N.Y. Eases Restrictions On Unbranded Fuel Sales

New York gas station owners are celebrating a new law signed last week by Gov. David Paterson that will allow them to sell cheaper unbranded gasoline, The Times Union in Albany, N.Y., reported.

Owners of stations affiliated with major oil companies such as ExxonMobil, Hess and Sunoco are typically required under contract to buy gas made by those companies, the newspaper reported.

But the new law approved by the governor last week allows gas stations that own their own tanks and pumps to get around those clauses, ultimately providing them with the ability to buy cheaper unbranded gas at a significant discount.

“It’s been a goal of ours for a lot of years," Ralph Bombardiere, executive director of the New York State Association of Service Stations and Repair Shops, told the newspaper.

Independent gas station owners have always been able to buy unbranded gas, one of the reasons they can offer gas for lower prices than those offered by stations that fly big oil banners.

Bombardiere said unbranded gas can sell for as much as 20 cents less per gallon than branded gasoline.

Although not all station owners are expected to start offering unbranded gas right away, the new law could lower prices in the near term by forcing big oil companies to reconsider their prices, since dealers will have choices on where they get their gas.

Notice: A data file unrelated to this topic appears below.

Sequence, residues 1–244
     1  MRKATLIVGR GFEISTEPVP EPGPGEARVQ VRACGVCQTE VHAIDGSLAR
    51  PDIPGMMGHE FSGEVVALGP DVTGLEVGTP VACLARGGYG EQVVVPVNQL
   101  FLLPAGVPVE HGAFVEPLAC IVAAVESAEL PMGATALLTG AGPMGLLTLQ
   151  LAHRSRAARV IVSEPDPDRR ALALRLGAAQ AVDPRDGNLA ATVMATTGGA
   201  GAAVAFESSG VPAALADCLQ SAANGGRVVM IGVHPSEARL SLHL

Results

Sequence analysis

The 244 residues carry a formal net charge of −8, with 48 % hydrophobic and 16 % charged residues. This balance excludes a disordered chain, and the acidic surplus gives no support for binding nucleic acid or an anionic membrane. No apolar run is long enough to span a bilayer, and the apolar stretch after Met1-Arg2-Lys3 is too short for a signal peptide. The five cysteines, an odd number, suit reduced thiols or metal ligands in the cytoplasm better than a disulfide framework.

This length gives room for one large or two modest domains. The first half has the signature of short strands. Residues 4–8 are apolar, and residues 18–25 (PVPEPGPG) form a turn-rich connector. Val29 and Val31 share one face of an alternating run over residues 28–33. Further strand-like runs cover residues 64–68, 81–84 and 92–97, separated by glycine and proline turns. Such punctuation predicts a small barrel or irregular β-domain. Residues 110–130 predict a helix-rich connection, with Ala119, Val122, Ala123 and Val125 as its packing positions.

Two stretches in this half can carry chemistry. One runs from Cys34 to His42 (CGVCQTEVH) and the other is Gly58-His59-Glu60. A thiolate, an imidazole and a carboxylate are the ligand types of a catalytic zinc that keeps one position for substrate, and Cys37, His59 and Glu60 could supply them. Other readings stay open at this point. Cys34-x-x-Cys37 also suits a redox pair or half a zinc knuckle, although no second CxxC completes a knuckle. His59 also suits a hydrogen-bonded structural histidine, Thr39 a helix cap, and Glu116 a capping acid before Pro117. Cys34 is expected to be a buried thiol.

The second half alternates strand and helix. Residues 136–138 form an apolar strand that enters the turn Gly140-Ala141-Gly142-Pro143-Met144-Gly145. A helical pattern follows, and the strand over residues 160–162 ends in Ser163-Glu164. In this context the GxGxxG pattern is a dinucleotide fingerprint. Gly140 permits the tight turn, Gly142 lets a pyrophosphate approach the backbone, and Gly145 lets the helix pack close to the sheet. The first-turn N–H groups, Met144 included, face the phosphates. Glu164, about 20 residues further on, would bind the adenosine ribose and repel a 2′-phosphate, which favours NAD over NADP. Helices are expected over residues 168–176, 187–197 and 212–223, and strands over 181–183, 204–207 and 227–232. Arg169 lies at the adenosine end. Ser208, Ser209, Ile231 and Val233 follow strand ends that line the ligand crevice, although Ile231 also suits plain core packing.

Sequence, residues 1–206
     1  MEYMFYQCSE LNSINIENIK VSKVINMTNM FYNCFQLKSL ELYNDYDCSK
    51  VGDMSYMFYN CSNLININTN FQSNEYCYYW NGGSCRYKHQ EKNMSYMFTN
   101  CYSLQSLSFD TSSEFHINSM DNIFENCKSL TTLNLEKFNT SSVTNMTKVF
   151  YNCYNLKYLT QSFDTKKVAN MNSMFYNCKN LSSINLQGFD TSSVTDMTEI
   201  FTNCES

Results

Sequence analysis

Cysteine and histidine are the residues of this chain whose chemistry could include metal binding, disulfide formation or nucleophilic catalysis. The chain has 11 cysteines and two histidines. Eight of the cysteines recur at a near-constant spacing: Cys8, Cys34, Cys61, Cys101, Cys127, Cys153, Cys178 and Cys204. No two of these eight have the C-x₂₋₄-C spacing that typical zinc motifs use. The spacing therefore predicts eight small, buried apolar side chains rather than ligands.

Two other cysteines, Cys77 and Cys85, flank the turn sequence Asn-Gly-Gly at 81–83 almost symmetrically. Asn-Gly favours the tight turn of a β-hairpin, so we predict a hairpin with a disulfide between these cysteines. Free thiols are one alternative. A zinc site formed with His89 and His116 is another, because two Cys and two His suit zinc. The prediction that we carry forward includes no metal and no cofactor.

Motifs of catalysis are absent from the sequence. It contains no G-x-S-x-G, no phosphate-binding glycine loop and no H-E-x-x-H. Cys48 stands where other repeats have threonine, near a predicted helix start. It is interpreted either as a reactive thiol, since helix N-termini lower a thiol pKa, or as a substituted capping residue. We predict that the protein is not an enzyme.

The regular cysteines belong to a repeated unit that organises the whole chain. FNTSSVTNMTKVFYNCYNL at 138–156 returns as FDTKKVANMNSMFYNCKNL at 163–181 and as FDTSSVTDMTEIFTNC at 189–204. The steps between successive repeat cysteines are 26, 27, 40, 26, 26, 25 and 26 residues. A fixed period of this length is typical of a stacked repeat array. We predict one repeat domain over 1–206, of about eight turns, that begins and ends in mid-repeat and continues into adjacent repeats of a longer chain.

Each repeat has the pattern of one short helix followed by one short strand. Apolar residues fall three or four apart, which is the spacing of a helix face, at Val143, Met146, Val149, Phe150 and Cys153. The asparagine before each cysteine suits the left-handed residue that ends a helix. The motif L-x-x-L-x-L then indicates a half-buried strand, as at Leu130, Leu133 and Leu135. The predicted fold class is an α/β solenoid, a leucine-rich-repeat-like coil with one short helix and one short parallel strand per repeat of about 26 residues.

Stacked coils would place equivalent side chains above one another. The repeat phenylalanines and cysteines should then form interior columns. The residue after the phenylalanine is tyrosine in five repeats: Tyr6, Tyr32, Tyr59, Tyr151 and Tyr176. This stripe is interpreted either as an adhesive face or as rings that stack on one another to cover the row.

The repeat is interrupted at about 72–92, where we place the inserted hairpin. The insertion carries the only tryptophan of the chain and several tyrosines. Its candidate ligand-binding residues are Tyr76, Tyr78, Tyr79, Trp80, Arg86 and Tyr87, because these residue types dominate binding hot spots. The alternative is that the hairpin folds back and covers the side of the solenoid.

“At a time when New Yorkers are struggling to cover the basic cost of commuting to work, the governor signed this bill in an effort to lower gas prices for consumers,” said Paterson spokeswoman Erin Duggan. “This legislation is expected to create a more competitive retail environment, which should lead to savings at the gas pump.”

Under the law, station owners would have to clearly post that they are selling unbranded gas along with the price, the newspaper reported, adding that Bombardiere said the law takes effect immediately.

The New York State Petroleum Council, a trade group representing the large oil companies, opposed the bill, saying it would be impossible to verify whether stations were commingling branded gas with unbranded gas. The big oil companies said their gas has additives that make it perform better.

However, there is nothing that the oil companies can do now that the bill has become law, except comply, said Michael Doyle, executive director of the New York State Petroleum Council.

"It’s bad public policy, but it’s the law," Doyle told The Times Union.


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